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Adrian Morgan wrote:
>
> John Cowan wrote:
>
> > AFAIK all English-speaking countries agree on this point;
> > likewise on the point that ";" and ":" go outside
> > quotation marks always (since there can be no logical
> > reason for putting them inside, and no real aesthetic
> > motive for putting them inside). It is only commas and
> > full stops that are debatable.
>
> When I handed up a creative writing assignment last year
> that had commas outside the quotes, it was covered with
> red ink with the comment, "Learn to punctuate using
> proper fiction conventions" or similar. Books in my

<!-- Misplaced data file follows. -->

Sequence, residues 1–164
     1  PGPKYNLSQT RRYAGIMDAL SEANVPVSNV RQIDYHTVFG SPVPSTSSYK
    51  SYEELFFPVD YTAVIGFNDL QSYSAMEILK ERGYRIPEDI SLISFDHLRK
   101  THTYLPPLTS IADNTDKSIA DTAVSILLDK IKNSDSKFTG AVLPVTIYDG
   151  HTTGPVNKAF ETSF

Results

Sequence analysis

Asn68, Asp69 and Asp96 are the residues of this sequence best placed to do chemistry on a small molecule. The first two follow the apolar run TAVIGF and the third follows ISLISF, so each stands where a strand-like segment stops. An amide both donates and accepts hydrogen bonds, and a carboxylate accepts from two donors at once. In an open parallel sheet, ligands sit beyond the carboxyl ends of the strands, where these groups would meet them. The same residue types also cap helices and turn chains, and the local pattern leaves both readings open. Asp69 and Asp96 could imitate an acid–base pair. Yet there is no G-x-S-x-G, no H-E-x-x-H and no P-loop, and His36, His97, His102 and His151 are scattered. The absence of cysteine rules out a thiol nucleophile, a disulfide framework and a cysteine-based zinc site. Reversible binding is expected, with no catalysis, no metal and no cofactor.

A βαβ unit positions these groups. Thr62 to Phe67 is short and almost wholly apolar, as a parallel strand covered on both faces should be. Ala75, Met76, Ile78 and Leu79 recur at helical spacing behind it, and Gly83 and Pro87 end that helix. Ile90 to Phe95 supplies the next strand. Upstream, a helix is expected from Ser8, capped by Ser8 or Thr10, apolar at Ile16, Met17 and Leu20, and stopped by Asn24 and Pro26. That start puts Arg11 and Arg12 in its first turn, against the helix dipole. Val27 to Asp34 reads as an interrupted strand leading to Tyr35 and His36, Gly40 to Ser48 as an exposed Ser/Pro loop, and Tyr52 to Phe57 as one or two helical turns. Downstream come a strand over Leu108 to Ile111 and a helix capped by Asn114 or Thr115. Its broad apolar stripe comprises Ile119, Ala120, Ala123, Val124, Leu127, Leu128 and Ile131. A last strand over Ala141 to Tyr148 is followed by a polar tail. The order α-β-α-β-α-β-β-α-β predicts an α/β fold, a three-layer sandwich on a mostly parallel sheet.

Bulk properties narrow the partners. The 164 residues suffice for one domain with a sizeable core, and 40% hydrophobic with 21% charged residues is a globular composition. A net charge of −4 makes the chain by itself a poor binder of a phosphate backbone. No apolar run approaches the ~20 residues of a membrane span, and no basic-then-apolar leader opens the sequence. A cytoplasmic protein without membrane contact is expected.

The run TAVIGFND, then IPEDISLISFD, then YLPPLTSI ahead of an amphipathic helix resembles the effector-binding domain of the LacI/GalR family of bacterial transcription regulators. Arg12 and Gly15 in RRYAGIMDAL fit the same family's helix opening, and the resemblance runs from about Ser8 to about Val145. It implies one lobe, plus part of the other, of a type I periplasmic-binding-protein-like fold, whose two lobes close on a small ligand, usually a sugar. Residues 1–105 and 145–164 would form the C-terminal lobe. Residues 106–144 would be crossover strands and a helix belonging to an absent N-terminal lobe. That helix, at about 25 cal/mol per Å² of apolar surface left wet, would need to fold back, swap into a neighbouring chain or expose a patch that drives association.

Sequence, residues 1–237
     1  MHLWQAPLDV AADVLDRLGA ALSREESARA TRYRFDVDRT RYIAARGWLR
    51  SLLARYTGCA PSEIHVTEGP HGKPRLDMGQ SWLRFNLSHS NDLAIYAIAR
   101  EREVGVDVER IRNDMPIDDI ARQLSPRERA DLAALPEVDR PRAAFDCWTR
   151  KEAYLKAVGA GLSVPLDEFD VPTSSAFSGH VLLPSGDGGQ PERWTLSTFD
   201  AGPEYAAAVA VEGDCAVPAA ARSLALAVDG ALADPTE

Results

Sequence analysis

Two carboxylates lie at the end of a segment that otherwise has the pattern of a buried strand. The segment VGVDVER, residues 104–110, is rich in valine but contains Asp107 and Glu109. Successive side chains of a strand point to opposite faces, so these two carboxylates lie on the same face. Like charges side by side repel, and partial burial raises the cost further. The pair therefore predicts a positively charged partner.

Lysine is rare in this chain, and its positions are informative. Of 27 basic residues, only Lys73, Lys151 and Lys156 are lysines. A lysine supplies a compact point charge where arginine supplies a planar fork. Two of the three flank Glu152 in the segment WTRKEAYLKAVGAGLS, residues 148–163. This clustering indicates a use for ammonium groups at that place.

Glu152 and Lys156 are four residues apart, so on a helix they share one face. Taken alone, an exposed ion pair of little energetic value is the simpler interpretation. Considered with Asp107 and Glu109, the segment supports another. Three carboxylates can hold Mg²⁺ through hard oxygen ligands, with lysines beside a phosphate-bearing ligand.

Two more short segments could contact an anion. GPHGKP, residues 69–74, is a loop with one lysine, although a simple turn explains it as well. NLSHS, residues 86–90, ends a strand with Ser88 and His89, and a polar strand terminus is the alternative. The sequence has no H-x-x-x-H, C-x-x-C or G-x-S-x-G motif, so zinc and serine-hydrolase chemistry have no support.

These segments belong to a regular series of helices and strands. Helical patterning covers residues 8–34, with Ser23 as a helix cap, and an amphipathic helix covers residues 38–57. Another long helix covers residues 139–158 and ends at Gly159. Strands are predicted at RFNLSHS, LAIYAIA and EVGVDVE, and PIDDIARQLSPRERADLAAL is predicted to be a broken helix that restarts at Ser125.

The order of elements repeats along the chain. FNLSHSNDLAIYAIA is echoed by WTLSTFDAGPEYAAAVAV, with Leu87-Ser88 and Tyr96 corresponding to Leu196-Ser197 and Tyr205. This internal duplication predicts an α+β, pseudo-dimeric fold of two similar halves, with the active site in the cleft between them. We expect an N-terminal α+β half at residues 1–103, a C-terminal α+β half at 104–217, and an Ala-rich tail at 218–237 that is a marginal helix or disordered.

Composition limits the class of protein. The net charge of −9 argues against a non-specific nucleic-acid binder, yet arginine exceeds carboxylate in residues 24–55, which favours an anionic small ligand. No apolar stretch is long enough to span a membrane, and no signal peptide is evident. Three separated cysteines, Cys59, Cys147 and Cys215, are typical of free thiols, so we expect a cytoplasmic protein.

> shelf seem to consistently use the comma-inside-quotes
> convention, regardless of the nationality of the author.
> But ... it doesn't make sense. I will continue to
> punctuate according to private taste with occasional
> compromise; that, after all, is how all conventions
> begin.
>
Exaclty, that's the problem I have. To me, putting the comma inside the
quote leaves the quotation marks isolated, like in "Hello," becase the
comma doesn't come up to the bottom of the quotation mark. When it's out
side, as in "Hello", the quotation mark "rests" against the last letter,
and the comma appears fine on it's own, because it usually is somewhat
isolated from the rest of the sentance, going below the words and all.

--
Robert